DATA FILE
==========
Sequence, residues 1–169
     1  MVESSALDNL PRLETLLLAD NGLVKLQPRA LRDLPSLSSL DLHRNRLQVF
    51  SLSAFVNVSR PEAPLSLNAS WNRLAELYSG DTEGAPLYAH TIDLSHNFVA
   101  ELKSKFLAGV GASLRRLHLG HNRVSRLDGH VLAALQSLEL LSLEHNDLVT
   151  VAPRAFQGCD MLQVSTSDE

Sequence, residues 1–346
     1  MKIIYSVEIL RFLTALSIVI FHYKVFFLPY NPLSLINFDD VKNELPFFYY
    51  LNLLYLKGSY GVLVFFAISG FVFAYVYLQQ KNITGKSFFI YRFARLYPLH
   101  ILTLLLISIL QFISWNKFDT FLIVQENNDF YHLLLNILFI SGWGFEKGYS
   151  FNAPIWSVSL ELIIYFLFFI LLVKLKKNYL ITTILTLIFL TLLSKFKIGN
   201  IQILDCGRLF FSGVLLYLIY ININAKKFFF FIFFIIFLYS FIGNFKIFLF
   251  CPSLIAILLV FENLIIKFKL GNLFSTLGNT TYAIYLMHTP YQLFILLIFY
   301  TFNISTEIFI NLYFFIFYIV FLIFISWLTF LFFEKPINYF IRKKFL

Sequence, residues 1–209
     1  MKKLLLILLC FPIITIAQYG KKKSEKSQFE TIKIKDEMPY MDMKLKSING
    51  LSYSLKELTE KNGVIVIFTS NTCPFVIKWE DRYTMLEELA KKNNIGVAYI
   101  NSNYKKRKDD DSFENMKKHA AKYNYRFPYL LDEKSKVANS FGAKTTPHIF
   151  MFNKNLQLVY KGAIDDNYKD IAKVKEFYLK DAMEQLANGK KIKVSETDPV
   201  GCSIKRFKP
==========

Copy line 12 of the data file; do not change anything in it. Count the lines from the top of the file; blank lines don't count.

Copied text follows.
   251  CPSLIAILLV FENLIIKFKL GNLFSTLGNT TYAIYLMHTP YQLFILLIFY